Mellnäs’s Rendez-vous II is an imaginative work which makes
effective use of the forces used. The flute-writing is varied
and skilled, and ranges from the opening outburst of high-pitched
energy to a calmer central section. The percussion combines with
the flute as an equal duo partner, and a wide array of sounds
are used. This is a dramatic work, which is performed here with
an outstanding degree of understanding and poetry. The flute part
requires singing and playing simultaneously and glissandi, as
well as whistle tones, all of which are presented as they should
be – that is to say that they have musical expression and are
part of the flute’s arsenal of technical capabilities. There is
nothing gimmicky about those techniques here, and they complement
the musical expression of the piece beautifully. Composed for
Manuela Weisler, celebrated exponent of contemporary flute music
and teacher of Anders Jonhäll, this is a wonderful addition to
the flute’s repertoire.
dramatic in its opening, Mellnäs’s concerto, entitled Intimate
Games is a truly soloistic tour de force. The flute
works with and against the orchestra - the excellent Helsingborg
Symphony - with many difficult moments of co-ordination and
musical ideas passing to and fro between soloist and orchestra.
The opening movement is a dramatic high-energy episode, which
takes the flute far away from its pastoral roots. The calmer
slow movement is no less emotionally charged. The intensity
remains and there are some truly magical musical moments. The
finale has a renewed sense of drive and determination and is
wholly imaginative throughout, with a charming ending. Heard
without a break, this is a fantastic work, played with wonderful
conviction and an excellent sense of communication. I had not
previously heard any of Mellnäs’s music, and this has served
as a real eye-opener.
Dance and Sentimental Song by Per Martensson was composed
in 1998. This is a wonderful work of just over ten minutes’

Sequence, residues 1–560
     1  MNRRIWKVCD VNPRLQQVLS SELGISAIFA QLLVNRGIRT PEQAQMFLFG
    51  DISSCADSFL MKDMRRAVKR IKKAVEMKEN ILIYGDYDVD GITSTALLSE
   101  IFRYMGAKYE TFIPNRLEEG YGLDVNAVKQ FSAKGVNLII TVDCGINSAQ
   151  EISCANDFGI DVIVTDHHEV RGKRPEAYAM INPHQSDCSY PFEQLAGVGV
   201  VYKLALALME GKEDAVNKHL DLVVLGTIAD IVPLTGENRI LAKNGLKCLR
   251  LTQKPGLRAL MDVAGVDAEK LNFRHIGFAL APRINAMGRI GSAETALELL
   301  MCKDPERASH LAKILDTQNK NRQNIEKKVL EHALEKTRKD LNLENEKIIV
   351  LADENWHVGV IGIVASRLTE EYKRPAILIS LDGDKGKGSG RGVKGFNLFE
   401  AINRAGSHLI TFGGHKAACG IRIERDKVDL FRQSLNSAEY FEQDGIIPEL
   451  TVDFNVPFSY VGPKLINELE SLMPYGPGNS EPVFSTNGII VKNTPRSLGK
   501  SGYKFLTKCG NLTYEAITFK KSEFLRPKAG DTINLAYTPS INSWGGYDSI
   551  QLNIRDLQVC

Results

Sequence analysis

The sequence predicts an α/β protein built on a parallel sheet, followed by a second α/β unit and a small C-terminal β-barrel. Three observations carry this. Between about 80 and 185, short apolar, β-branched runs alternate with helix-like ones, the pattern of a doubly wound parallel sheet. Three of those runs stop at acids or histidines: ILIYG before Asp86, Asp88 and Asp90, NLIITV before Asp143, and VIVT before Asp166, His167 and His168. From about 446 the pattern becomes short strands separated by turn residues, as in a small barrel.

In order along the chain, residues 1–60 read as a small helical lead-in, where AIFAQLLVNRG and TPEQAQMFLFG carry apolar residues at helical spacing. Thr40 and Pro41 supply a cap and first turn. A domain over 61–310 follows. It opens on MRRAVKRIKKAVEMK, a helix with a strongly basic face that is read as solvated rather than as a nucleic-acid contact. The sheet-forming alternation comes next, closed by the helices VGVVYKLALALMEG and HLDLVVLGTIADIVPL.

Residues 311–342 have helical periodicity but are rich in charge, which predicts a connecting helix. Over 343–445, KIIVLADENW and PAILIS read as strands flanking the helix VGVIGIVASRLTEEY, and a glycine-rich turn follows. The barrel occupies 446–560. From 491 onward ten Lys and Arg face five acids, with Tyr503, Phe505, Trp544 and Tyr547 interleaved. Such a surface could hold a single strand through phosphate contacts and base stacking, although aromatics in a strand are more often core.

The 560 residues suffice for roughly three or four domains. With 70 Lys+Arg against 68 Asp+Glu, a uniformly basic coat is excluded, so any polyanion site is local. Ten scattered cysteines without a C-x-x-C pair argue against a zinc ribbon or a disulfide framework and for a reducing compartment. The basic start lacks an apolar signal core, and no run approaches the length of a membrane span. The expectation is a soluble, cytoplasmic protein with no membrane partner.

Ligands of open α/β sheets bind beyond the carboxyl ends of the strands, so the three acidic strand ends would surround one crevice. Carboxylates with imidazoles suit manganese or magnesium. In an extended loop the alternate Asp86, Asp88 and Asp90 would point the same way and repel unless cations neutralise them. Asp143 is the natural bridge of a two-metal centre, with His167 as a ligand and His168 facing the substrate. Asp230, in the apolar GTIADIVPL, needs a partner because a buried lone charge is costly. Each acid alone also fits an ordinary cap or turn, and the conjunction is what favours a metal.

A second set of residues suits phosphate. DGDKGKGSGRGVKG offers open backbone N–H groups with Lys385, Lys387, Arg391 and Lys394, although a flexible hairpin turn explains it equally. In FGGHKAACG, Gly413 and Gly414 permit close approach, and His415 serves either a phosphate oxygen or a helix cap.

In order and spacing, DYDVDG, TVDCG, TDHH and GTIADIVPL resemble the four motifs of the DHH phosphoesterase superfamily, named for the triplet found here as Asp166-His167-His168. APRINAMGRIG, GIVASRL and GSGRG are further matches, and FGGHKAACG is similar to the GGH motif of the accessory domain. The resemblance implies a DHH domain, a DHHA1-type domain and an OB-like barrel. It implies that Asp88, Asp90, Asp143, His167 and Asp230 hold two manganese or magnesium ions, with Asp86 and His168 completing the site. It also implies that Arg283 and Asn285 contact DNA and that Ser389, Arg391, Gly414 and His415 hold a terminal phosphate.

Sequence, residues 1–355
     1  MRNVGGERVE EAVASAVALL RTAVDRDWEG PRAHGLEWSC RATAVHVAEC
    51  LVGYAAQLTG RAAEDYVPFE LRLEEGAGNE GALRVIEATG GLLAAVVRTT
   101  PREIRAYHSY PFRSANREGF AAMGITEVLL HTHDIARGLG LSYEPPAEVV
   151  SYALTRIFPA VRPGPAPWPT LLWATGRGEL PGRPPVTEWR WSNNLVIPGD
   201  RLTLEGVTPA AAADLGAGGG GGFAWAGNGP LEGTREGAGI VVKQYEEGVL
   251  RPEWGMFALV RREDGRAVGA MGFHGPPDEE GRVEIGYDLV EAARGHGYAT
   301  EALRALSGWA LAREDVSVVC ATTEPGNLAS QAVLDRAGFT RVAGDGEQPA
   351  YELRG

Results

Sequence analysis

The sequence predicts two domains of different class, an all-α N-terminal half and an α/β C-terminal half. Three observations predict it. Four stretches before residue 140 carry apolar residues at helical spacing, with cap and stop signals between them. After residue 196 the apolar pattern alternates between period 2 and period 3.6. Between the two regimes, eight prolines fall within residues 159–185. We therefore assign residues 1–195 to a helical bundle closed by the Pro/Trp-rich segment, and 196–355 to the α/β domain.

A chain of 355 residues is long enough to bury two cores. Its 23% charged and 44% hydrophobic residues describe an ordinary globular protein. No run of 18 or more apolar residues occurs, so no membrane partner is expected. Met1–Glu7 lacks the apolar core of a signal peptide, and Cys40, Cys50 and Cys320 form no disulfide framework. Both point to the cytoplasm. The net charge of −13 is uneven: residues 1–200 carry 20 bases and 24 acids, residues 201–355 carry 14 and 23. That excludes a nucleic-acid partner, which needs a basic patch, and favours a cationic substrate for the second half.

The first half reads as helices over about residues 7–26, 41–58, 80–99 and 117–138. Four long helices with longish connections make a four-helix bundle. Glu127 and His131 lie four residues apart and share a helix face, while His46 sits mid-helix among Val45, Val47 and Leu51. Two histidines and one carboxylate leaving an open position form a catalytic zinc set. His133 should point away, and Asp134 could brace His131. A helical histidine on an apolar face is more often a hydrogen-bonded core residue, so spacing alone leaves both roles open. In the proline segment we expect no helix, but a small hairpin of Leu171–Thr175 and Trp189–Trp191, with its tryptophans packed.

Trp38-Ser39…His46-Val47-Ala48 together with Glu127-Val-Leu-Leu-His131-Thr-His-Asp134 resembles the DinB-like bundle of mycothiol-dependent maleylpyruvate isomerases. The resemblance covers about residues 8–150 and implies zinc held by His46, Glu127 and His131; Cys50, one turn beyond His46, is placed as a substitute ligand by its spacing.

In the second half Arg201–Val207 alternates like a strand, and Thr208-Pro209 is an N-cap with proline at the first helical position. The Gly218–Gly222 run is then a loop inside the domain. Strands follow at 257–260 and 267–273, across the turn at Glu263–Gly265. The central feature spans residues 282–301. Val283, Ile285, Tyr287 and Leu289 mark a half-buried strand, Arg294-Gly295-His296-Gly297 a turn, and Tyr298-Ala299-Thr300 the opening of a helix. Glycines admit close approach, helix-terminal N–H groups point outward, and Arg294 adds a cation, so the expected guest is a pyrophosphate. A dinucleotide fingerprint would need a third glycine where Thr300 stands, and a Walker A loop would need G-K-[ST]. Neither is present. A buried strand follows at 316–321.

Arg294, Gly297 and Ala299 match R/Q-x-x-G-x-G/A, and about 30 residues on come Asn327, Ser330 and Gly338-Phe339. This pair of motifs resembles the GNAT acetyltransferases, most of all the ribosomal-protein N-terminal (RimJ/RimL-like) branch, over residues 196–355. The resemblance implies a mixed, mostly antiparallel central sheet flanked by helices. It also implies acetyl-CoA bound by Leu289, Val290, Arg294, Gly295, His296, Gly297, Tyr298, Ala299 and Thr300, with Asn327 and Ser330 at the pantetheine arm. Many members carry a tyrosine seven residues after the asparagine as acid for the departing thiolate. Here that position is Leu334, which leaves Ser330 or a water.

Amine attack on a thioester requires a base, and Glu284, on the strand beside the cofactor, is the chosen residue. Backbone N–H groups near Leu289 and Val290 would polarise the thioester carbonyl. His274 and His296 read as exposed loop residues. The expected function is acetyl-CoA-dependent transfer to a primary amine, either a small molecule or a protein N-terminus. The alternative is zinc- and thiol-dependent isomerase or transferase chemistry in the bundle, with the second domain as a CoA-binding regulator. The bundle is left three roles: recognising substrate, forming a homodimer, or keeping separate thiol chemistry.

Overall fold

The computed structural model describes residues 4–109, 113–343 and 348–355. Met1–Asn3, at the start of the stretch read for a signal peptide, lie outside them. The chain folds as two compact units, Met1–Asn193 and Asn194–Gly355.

duration, which fuses the alto flute with live electronic processing.
The two instruments work as one, with the electronic part reacting
to the live sounds. Virtuosic in the extreme, this was written
for Jonhäll while the composer was working at IRCAM in Paris. Using the full range
of the alto flute’s capabilities, including microtones, air
sounds and a variety of tone colours, this is an exciting work
which shows that the alto flute can play so much more than just
slow, low register melodies.
Martensson’s Concerto is fascinating, as he uses live instruments
to mimic electronic effects. For example, the beginning resembles
delay lines. The piece develops to include broad, flowing tendrils,
which are almost romantic in their aesthetics, and dissonant
orchestral tuttis. The flute-playing here is stunning; Jonhäll
clearly believes in the music he is performing, and he communicates
the emotion of the music equally as well as he delivers the
technically faultless virtuoso demands. Throughout the work
he delivers changing moods and atmospheres, and has sensitivity,
especially in the final movement, which is breathtaking in contrast
to the more aggressive earlier parts of the work. Superbly accompanied
by the Gothenburg Symphony Orchestra, this is a stunning performance.
Chini’s work has a similar level of imagination, and, again,
he uses the flute to its full effect. Icaregag uses larger
members of the flute family as well as the standard C flute
and piccolo, providing a variety of tone colours and sounds,
and makes extreme demands of the performers. Based on the story
of Icarus, the work describes a flight in space, and makes use
of multiphonics and other contemporary techniques. The playing
is once again excellent, both from the soloist and the members
of Ensemble Gageego! This is a substantial work, at nearly twenty
minutes duration, which has a constantly evolving sense of adventure.
There is nothing static here, from the opening bars to the work’s
final work on this disc is Chini’s Silent Notes for Madrid
for flute and guitar. In contrast to the previous work, this
is quieter and calmer, dedicated to the victims of the Madrid terror attack in 2004.
An atmospheric work, there are obvious hints at Takemitsu’s
influence, particularly in the type of flute sounds asked for
by the composer. Guitarist Mats Bergstrom performs sensitively
and musically, balancing the flute’s sound well.
me, listening to this disc was completely inspirational. Produced
by the Swedish Music Centre, it is a fine demonstration of contemporary
music in Sweden. Anders Jonhäll’s playing
is exceptional, and the pieces are all, without exception, fascinating,
and deserve to become the stapes of flute repertoire in the future.